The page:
January 07, 2021

Law Student Corner: Conservation Groups Settle Endangered Species Act Pangolin Case with Fish and Wildlife Service

Lucas S. Stegman

I. Summary

On August 18, 2020, wildlife conservation groups entered into an agreement (Settlement Agreement) with the U.S. Fish and Wildlife Service (Service) and the U.S. Department of the Interior to settle litigation over the listing of seven pangolin species under the  Endangered Species Act (ESA). As part of the Settlement Agreement, the Service agreed to make a decision by June 1, 2021, as to whether the seven species should be listed under the ESA because of their resemblance to the already-listed Temminck’s ground pangolin. Additionally, the Service agreed to determine by June 1, 2025, whether the seven species of pangolin should be listed as threatened or endangered species under the ESA. Amid the backdrop of the COVID-19 pandemic—which some scientists have linked to the pangolin trade—the Settlement Agreement could give these beleaguered animals a better chance at survival.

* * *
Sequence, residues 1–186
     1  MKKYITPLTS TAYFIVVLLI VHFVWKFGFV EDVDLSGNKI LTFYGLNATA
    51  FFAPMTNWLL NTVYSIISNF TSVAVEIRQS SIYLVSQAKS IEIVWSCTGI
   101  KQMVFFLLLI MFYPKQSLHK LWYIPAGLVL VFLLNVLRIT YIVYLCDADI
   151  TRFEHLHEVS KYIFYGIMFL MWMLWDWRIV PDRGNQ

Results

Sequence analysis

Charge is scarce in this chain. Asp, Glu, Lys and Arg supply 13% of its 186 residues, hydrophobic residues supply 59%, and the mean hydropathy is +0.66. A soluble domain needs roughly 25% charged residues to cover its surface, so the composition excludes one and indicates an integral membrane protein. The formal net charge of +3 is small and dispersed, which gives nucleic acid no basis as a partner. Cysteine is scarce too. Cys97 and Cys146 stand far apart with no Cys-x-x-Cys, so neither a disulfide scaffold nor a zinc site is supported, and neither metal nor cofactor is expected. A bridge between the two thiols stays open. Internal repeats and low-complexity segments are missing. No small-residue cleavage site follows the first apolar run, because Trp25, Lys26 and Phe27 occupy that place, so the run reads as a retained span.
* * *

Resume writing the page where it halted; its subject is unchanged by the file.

II. The Lawsuit

Five conservation groups—the Center for Biological Diversity, Humane Society International, the Humane Society of the United States, Born Free USA, and the Natural Resources Defense Council—filed a lawsuit on January 22, 2020, to compel the Service to respond to two petitions calling for the listing of seven species of pangolin under the ESA. One petition called for the seven species to be listed as endangered due to their serious risk of extinction from the international wildlife trade, habitat destruction, and inadequate regulatory mechanisms. The other petition called for the seven species to be treated as endangered under section 4(e) of the ESA because of their resemblance to the listed Temminck’s ground pangolin.